Monday, July 23, 2012

the lucifer principle

howardbloom | Over a hundred years ago, Matthius Schleiden, the German botanist, was pondering the recently discovered fact that beings as simple as water fleas and as complex as human beings are made up of individual cells. Each of those cells has all the apparatus necessary to lead a life of its own. It is walled off in its own mini-world by the surrounding hedge of a membrane, carries its own metabolic power plants, and seems quite capable of going about its own business, ruggedly declaring its independence. Yet the individual cells, in pursuing their own goals, cooperate to create an entity much larger than themselves. Schleiden declared that each cell has an individual existence, and that the life of an organism comes from the way in which the cells work together.

In 1858, pathologist Rudolph Virchow took Schleiden's observation a step further. He declared that "the composition of the major organism, the so-called individual, must be likened to a kind of social arrangement or society, in which a number of separate existencies are dependent upon one another, in such a way, however, that each element possesses its own peculiar activity and carries out its own task by its own powers." A creature like you and me, said Virchow, is actually a society of separate cells.

The reasoning also works in reverse--a society acts like an organism. Half a century after Virchow, entomologist William Morton Wheeler was observing the lives of ants. No ant is an island. Wheeler saw the tiny beasts maintaining constant contact, greeting each other as they passed on their walkways, swapping bits of regurgitated food, adopting social roles that ranged from warrior or royal handmaiden to garbage handler and file clerk. (Yes, at the heart of many ant colonies is a room to which all incoming workers bring their discoveries. Seated at the chamber's center is a staff of insect bureaucrats who examine the new find, determine where it is needed in the colony, and send it off to the queen's chamber if it is a prized morsel, to the nursery if it is ordinary nourishment, to the construction crews if it would make good mortar, or to the garbage heap kept just outside the nest.)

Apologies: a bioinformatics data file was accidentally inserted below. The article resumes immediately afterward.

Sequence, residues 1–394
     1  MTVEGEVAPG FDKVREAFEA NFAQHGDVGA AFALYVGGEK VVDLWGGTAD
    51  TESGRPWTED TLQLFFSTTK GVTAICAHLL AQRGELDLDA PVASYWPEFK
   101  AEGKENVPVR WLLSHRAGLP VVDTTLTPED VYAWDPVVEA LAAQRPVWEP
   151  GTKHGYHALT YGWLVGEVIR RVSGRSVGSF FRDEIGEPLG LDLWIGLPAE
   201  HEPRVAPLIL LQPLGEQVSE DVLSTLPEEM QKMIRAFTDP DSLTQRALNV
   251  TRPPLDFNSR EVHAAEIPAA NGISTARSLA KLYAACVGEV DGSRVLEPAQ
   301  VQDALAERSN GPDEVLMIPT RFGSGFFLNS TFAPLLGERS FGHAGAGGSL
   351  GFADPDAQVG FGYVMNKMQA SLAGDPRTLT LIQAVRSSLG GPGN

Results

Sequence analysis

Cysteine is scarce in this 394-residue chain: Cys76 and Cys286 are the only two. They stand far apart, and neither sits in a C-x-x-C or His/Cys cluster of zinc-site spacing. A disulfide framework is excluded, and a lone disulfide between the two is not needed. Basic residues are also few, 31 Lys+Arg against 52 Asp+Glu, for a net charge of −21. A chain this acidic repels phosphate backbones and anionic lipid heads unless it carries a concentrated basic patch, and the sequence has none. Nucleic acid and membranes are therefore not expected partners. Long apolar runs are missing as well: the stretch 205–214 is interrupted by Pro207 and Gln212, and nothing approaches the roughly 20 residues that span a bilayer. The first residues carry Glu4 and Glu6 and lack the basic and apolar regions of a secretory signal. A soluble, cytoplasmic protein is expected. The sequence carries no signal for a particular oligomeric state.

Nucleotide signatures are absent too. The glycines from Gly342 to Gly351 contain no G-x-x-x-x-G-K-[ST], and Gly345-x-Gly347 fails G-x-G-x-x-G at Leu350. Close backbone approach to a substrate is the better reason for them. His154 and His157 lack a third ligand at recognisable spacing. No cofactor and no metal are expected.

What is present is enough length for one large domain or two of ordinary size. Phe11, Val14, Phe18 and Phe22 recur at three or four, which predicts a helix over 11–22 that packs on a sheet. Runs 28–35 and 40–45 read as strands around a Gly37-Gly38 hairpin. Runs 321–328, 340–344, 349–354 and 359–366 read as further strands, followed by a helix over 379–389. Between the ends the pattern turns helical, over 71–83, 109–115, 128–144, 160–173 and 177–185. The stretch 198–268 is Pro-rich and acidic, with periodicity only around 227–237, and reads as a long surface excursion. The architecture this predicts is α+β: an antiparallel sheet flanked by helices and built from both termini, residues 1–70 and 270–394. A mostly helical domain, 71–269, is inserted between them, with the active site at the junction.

Viewed from the human perspective, the activities of the individual ants seemed to matter far less than the behavior of the colony as a whole. In fact, the colony acted as if it were an independent creature, feeding itself, expelling its wastes, defending itself, and looking out for its future. Wheeler was the man who dubbed a group of individuals collectively acting like one beast a superorganism.

The term superorganism slid into obscurity until it was revived by Sloan-Kettering head Lewis Thomas in his influential 1974 book Lives Of A Cell. Superorganisms exist even on the very lowest rungs of the evolutionary ladder. Slime mold are seemingly independent amoeba, microscopic living blobs who race about on the moist surface of a decaying tree or rotting leaf cheerfully oblivious to each other when times are good. They feast gaily for days on bacteria and other delicacies, attending to nothing but their own selfish appetites. But when the food runs out, famine descends upon the slime mold world. Suddenly the formerly flippant amoeba lose their sense of boisterous individualism. They rush toward each other as if in a panic, sticking together for all they're worth.

Gradually, the clump of huddled microbeasts grows to something you can see quite clearly with the naked eye. It looks like a slimy plant. And that plant--a tightly-packed mass of former freedom-lovers--executes an emergency public works project. Like half-time marchers forming a pattern, some of the amoeba line up to form a stalk that pokes itself high into the passing currents of air. Then the creatures at the head cooperate to manufacture spores. And those seeds of life drift off into the breeze.

If the spores land on a heap of rotting grass or slab of decomposing bark, they quickly multiply, filling the slippery refuge with a horde of newly-birthed amoeba. Like their parents, the little things race off to the far corners of their new home in a cheerful hunt for dinner. They never stop to think that they may be part of a community whose corporate life is as critical as their own. They are unaware that someday they, like their parents, will have to cluster with their fellows in a desperate cooperative measure on which the future of their children will depend.